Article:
EnDOW presented at Europeana Licensing Workshop in Luxembourg

The first outcomes of EnDOW project were presented and discussed at the 4th Europeana Licensing workshop in Luxembourg on the 26th and 27th November 2015. The workshop was organised by the Bibliothèque Nationale de Luxembourg, Kennisland (Amsterdam) and the Institute for Information Law (IViR) of the University of Amsterdam.

The discussion focused on the “diligent search” requirement of the Orphan Works Directive. A mayor issue arises in respect to accessibility of sources: according to our survey,  69% of the compulsory sources are freely accessibile online in the UK, but the value drops to 41% in the Netherlands and 24% in Italy. This means that performing a diligent search on works contained in library collections is overly complicated in these countries. See the presentations for more details:

  • Crowdsourcing diligent search: a solution for the orphan works problem? (Maurizio Borghi) >> download here
  • The accessibility of the sources for diligent search (Marcella Favale) >> download here


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Crowdsourcing diligent search: a solution for the orphan works problem?

On 29 September 2015 the Digital Catapult Centre in London hosted a one-day workshop on Copyright and orphan works, which brought together legal experts, archivists and museums curators to explore challenges and opportunities of the recently implemented orphan works legislation.

As part of the workshop, Maurizio Borghi introduced the EnDOW project and the concept of relying on crowdsourcing to reduce the costs of diligent search for cultural institutions.

The slides presentation can be downloaded here.

1_29 Sept_Maurizio_rettangolare


Crowd-sourcing is an organization model that harnesses the power of crowds to solve problems (crowd wisdom), to fund initiatives (crowd funding), or to produce artworks (crowd creation). This model is increasingly implemented by businesses and by not-for-profit organizations. It has already produced astonishing results in the fields of information technology and biotechnology.[1]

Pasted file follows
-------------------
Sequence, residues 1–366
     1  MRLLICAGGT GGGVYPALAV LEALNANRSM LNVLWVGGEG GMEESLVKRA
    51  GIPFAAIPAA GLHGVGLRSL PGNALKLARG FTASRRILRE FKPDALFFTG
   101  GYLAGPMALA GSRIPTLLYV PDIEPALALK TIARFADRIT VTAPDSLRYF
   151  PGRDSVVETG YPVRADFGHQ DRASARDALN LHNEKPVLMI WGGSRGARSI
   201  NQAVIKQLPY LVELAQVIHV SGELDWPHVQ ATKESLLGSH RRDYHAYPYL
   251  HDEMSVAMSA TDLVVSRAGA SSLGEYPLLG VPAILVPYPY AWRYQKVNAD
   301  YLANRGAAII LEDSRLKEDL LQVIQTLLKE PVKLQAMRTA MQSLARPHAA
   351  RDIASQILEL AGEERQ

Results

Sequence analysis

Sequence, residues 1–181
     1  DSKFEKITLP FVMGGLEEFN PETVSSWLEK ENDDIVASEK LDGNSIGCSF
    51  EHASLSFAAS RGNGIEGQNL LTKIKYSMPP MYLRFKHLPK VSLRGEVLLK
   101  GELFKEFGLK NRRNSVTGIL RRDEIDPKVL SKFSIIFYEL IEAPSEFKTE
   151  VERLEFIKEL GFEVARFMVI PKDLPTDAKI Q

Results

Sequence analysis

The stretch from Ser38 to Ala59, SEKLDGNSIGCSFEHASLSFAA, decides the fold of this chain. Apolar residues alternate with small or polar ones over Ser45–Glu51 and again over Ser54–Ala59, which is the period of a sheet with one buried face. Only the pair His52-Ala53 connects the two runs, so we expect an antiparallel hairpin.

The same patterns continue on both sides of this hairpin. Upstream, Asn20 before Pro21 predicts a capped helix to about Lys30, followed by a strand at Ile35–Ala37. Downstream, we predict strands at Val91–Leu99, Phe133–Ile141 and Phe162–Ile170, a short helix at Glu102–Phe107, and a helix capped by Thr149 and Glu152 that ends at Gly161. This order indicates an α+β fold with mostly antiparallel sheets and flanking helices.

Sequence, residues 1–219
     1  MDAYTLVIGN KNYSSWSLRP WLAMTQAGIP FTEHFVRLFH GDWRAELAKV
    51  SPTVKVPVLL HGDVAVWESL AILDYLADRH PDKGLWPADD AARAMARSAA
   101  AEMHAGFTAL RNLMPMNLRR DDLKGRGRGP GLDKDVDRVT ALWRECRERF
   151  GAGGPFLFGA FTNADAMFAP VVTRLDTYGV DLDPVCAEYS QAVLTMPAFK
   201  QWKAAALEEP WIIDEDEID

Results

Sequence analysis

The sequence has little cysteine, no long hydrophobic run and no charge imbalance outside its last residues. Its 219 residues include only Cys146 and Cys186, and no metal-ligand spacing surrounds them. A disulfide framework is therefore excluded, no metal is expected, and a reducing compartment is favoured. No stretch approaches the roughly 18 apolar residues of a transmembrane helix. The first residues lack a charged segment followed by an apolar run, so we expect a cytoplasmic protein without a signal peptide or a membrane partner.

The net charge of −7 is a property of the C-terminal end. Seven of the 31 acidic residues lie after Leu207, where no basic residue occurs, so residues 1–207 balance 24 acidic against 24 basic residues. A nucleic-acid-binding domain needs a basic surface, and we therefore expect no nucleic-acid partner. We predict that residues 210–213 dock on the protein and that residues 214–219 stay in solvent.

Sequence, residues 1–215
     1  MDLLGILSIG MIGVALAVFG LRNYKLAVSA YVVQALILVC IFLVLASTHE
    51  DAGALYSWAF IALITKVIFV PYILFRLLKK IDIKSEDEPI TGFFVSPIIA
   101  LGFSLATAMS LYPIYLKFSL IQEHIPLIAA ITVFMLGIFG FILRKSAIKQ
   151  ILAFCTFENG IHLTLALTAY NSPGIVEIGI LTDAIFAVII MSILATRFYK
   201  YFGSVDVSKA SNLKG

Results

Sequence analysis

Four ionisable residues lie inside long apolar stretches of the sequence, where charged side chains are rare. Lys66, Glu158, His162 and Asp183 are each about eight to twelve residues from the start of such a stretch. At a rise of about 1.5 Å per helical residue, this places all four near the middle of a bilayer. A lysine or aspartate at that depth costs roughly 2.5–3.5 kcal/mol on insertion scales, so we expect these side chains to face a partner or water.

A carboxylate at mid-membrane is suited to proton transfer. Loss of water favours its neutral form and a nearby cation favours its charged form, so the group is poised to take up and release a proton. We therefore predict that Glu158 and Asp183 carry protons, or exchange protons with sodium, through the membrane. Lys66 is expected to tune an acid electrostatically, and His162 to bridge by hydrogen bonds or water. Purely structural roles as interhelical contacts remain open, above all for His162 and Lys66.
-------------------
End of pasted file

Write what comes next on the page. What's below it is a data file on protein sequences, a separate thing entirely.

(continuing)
In particular, the concept of building upon collective intelligence to perform legally binding searches of information has been successfully applied in patent law.[2] Crowd-sourced systems of prior art searches have been used by patent offices, including the US Patents and Trademark Office and the IP Australian Office. Recently the UK Intellectual Property Office has also run a pilot “peer to patent” experiment aimed at sourcing prior art investigation through observations on patent applications by the research and technology communities through the Internet. The information collected from the public helps patent examiners determining if a patent application is for a new and inventive invention. This pilot experience was judged useful and time-saving in the context of UK patent examination.[3] In a similar vein, NGOs that oppose patenting in certain fields, such as biotechnology or information technology, have relied on similar systems to search prior art capable of destroying the novelty of patent applications.[4] In the specific field of cultural heritage, a resourceful initiative by the British Library, the Mechanical Curator, enables crowd-sourced classification of images, which in turn are offered for free reutilization to users.[5]

Crowd-sourcing can help gathering information that would otherwise be difficult or impossible to collect. In particular in the field of cultural artefacts, information necessary to right clearance can be complex and dispersed in various channels. This is notably the case with the information necessary to carry out diligent searches on works, such as: who is the author, when did the author die, to whom have the rights being transferred? The relevance of this information to ascertain the legal status—in-copyright, out-of-copyright, “orphan”—varies from jurisdiction to jurisdiction and for categories of works, depending on the copyright duration and on the laws governing orphan and out-of-print works. The search therefore cannot be carried out without specialised legal guidance.